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Brugada syndrome in a patient with amyotrophic lateral sclerosis: a case report



Amyotrophic lateral sclerosis is a fatal neuromuscular disorder characterized by progressive death of the upper and lower motor neurons in the central nervous system. Patients with this disease die mostly as a result of respiratory failure; however, owing to prolonged survival through assisted ventilation, cardiovascular causes are increasingly responsible for mortality. We report what is to the best of our knowledge the first case of type 2 Brugada syndrome causing ventricular tachyarrhythmia and cardiac arrest in a patient with upper limb onset amyotrophic lateral sclerosis.

Case presentation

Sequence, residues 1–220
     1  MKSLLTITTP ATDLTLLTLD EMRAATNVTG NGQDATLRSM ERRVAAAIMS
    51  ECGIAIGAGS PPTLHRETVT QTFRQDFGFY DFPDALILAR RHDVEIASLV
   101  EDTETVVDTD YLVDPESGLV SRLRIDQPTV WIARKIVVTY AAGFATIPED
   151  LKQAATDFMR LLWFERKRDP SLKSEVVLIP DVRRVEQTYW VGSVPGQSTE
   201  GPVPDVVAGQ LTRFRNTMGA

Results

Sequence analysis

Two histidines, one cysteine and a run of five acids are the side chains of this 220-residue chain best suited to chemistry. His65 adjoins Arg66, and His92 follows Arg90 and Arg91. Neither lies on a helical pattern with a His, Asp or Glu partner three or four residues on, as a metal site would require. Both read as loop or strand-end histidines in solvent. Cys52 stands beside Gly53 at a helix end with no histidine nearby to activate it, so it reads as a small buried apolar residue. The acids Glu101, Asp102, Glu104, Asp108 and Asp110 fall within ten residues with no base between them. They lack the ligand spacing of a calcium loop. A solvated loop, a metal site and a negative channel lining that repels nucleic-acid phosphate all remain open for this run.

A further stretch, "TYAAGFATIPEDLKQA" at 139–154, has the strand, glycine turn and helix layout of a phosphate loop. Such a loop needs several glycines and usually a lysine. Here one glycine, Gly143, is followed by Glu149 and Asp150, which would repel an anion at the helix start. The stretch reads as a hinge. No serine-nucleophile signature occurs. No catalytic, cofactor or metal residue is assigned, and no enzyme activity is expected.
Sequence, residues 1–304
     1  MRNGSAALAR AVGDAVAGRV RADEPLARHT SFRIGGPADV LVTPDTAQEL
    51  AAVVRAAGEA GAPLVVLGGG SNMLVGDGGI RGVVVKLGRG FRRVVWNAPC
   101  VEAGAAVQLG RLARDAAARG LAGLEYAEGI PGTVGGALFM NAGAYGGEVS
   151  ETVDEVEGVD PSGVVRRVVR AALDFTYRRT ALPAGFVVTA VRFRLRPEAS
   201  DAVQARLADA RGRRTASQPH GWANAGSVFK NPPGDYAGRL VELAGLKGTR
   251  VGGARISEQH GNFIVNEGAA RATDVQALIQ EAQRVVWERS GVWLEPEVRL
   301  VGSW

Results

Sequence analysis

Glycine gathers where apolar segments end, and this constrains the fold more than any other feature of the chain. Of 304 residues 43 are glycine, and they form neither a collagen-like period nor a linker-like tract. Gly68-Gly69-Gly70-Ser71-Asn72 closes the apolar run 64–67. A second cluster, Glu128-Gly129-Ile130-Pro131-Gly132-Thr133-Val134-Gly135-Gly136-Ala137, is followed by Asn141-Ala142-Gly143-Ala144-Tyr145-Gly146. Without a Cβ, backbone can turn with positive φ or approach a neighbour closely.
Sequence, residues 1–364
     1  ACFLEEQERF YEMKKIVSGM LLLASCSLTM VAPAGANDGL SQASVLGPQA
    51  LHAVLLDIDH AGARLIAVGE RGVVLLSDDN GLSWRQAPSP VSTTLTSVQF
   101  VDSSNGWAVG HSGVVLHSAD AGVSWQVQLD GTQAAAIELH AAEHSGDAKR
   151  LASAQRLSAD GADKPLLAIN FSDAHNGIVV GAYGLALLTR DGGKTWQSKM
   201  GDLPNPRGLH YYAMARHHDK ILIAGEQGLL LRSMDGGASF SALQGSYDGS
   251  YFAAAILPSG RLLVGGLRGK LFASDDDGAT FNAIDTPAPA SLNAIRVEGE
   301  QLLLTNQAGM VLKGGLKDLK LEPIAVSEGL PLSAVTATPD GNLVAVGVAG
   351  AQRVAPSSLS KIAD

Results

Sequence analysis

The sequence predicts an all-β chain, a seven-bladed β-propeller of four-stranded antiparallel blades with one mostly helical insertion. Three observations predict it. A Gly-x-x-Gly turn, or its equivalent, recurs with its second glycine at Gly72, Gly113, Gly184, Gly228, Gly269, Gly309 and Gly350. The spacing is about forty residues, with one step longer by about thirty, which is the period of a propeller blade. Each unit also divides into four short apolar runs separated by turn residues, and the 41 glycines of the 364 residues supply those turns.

A 48-year-old Caucasian woman with a significant past medical history of papillary thyroid carcinoma status postresection, pulmonary embolism on anticoagulation, and a recent diagnosis of right upper limb-onset amyotrophic lateral sclerosis presented to the emergency department of our hospital with acute on chronic shortness of breath. On further evaluation, she was found to have hypoxic and hypercapnic respiratory failure and was placed on bilevel positive airway pressure ventilation. Her 12-lead electrocardiogram showed sinus rhythm with J-point elevation, saddle-shaped ST segment elevation, predominantly in V1 and V2 with no significant QTc prolongation. No troponin elevation was noted in her laboratory workup. Because she was unable to protect her airway, a decision was made to intubate her. After 1 minute of induction with etomidate and succinylcholine, she went into pulseless ventricular tachycardia and fibrillation requiring three cycles of cardiopulmonary resuscitation with high-quality chest compressions, three doses of epinephrine, and a loading dose of amiodarone prior to return of spontaneous circulation. She was further evaluated by cardiology services and was diagnosed with type 2 Brugada syndrome, for which she was started on quinidine. Her respiratory failure and the drugs she received for intubation likely caused her ventricular tachycardia to occur in conjunction with an underlying Brugada pattern seen on an electrocardiogram. The results of evaluation of her genetic panel for Brugada syndrome were negative. She was subsequently discharged to home in stable condition after a 10-day hospital stay.